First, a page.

By Joel Warner
By Michael Roberts
By Alan Prendergast
By Michael Roberts
By Michael Roberts
By Amber Taufen
By Patricia Calhoun
By William Breathes
A real estate deal touted by Denver city officials as key to the redevelopment of Stapleton International Airport suffered another blow last week when the King Soopers grocery chain missed a second closing deadline.
King Soopers officials have told the Denver City Council that the company needs more time to evaluate potential groundwater contamination on 196 acres of city land near Havana Street and 51st Avenue.
In what appears to be a last-ditch effort to salvage the deal, the city, which federal officials say may have contributed to pollution itself via spills of aviation fuel and other chemicals, is now exploring the possibility of indemnifying King Soopers against future claims at the site--or even buying the company an environmental insurance policy. City airport attorney Cathy Gale says Denver is getting quotes on such insurance and is examining legal issues surrounding indemnification. Errol Stevens, who heads the city's Stapleton 2000 redevelopment arm, says it's too early to estimate the cost to taxpayers of such an effort.
Earlier, King Soopers had announced that its own environmental probes had uncovered no problems with the site. But the company's vice president for real estate, Russ Dispense, says a recent lawsuit filed by the U.S. Army against Scott's Liquid Gold, a national firm that maintains a production facility near 48th Avenue and Havana, has raised fears that King Soopers could end up being dragged into court if it buys land at Stapleton.
The Army, in its suit filed September 8 in U.S. District Court, claims that Scott's helped pollute groundwater that the Army is paying to clean up. It wants a federal judge to force Scott's to help fund clean-up efforts in and around the highly contaminated Rocky Mountain Arsenal. Scott's has denied the Army's allegations and says the lawsuit is without merit.
According to Stevens, King Soopers now "wants some more time to evaluate data." The city agreed to extend an October 24 deadline, adds Stevens, because he and other officials "need some more time to develop ways to give them comfort on the issues that they're coming up with."
The city and King Soopers announced in July 1993 that the grocer planned to buy 185 acres at Stapleton and use it to build a $100 million distribution center and headquarters complex that would employ up to 3,000 people. The deal was presented by city officials as an economic masterstroke that would attract other tenants and help prevent Stapleton from becoming a vacant eyesore once the airport shuts down.
King Soopers officials have since distanced themselves from a headquarters relocation, stressing that a move to Stapleton would have to be incremental and still isn't a sure thing ("This Little City Went to Market," September 7).
Generating new economic activity of some kind at the 4,700-acre Stapleton site is crucial to the city because the financing plan for Denver International Airport calls for $100 million in revenue from Stapleton redevelopment. The city has bent over backward to make the King Soopers deal happen, agreeing to a purchase price well below the fair market value assessed by the Federal Aviation Administration.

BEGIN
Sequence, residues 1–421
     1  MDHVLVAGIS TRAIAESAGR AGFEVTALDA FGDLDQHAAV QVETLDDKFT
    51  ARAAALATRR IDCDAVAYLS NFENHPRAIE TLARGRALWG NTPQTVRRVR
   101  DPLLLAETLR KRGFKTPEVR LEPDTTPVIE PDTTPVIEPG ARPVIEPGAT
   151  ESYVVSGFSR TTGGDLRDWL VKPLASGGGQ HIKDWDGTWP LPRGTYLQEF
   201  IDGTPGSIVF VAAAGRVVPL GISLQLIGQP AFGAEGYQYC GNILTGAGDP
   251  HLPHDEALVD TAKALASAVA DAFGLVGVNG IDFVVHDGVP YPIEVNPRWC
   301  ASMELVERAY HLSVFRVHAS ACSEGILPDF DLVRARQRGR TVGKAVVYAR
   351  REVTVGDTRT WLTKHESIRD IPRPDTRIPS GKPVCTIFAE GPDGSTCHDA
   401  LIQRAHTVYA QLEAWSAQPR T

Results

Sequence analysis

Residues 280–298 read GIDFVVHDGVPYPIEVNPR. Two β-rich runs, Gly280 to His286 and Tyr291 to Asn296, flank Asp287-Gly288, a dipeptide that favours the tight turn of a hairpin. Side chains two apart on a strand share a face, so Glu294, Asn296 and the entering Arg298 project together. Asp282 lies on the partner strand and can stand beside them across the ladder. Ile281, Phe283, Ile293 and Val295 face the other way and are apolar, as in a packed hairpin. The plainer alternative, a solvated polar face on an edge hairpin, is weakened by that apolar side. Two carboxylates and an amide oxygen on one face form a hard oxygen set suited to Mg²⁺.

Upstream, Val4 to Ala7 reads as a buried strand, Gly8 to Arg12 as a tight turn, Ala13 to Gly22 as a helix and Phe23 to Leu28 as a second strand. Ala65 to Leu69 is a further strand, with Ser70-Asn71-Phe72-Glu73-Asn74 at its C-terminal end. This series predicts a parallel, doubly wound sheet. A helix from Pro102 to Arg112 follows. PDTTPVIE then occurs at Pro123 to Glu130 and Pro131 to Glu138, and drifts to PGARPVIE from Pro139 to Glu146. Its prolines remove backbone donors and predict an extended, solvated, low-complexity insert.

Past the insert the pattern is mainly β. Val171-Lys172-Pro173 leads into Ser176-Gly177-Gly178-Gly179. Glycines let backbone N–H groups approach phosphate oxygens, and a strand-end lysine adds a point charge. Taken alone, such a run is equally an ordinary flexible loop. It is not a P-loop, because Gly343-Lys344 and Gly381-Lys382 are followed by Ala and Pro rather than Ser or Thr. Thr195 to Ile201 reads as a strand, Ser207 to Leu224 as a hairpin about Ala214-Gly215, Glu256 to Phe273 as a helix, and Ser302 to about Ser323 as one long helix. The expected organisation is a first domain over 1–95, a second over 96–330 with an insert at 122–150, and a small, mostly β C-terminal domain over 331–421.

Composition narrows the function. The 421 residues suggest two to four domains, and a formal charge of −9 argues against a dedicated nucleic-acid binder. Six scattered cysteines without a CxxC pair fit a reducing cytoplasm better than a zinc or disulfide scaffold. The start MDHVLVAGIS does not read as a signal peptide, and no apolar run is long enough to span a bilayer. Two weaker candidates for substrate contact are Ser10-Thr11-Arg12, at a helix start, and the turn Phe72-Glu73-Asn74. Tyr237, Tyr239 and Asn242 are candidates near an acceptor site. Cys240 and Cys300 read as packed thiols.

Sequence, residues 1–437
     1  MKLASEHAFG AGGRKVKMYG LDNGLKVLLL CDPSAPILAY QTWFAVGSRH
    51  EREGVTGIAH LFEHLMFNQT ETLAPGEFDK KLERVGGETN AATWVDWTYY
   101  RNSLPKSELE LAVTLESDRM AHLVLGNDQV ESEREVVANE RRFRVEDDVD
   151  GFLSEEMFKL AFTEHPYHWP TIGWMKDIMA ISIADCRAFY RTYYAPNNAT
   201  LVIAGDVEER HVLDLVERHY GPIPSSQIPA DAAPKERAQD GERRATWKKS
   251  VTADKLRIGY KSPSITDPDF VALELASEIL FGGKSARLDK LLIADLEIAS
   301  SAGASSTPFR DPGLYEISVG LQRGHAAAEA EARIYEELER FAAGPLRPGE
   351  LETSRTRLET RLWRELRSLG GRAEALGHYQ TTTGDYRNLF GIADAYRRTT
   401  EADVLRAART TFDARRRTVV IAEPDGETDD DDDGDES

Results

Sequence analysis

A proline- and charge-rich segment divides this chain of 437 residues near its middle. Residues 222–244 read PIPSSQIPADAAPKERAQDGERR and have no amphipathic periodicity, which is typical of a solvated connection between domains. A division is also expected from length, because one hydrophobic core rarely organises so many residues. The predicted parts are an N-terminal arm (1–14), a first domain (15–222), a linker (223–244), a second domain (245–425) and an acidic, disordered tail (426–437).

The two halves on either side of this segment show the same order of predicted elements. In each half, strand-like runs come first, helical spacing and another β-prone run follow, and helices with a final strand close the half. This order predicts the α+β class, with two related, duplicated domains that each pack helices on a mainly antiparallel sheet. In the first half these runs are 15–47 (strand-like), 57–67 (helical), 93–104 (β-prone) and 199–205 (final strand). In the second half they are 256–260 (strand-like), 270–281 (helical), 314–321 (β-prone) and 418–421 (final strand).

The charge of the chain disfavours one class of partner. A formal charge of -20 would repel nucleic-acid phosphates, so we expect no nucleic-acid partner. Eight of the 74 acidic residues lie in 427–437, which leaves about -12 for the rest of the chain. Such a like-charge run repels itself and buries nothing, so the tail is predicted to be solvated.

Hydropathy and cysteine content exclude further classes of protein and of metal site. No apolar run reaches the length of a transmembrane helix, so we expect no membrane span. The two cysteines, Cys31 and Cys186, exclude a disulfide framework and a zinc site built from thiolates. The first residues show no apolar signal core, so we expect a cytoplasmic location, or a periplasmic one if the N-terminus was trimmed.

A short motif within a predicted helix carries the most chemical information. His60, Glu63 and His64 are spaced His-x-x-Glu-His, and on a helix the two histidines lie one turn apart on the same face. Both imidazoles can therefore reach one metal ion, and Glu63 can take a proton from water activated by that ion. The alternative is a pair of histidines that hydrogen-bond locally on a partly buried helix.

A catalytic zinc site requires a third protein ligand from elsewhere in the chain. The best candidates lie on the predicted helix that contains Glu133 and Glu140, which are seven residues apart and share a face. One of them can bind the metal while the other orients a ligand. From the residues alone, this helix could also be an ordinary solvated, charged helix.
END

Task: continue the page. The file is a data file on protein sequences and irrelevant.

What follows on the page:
The city council formally approved King Soopers as the first new Stapleton tenant last August, and it was announced that construction on a scaled-down frozen-food warehouse would begin in sixty days (the FAA has said King Soopers doesn't have to wait until the airport closes to begin operations). A deadline of September 23 was set for King Soopers to complete its "due diligence."
After King Soopers balked at closing the deal, the council extended the deadline to October 24. That date also came and went without a commitment from King Soopers, which instead asked for a new extension. Late last month, the council set a new deadline of February 28. City officials say it is a coincidence that the date matches the latest proposed opening date for DIA.
King Soopers knew there was a plume of contaminated groundwater beneath Stapleton when it initially agreed to the land purchase. And one Stapleton official questions whether the Scott's Liquid Gold suit completely explains King Sooper's reluctance to close the deal.
"My impression is there aren't a lot of new technical issues on the site," says Tom Gougeon, chief executive of the Stapleton Redevelopment Foundation, which is working on a master plan for the property. Gougeon says he wonders if "business issues in the King Soopers hierarchy" may also be a factor.
Dispense, however, says his company merely wants to protect itself from "potential Superfund liabilities." (The Stapleton property is not a Superfund site, but it is close to the arsenal, which is.) Asked if the company has made a business decision not to buy the Stapleton land, Dispense says, "That may very well happen at some point, but that's not the reason for the delay at this time."
Even if the land purchase does happen, it's questionable how much revenue it would generate for DIA. The negotiated sales price for the 196 acres is $2.4 million. Those payments, however, will be spread out over five years, and King Soopers has an option to decline the purchase of 24 of the 196 acres. The city, meanwhile, has agreed to spend $1.4 million of the proceeds on street improvements and to pay a $270,000 real estate commission.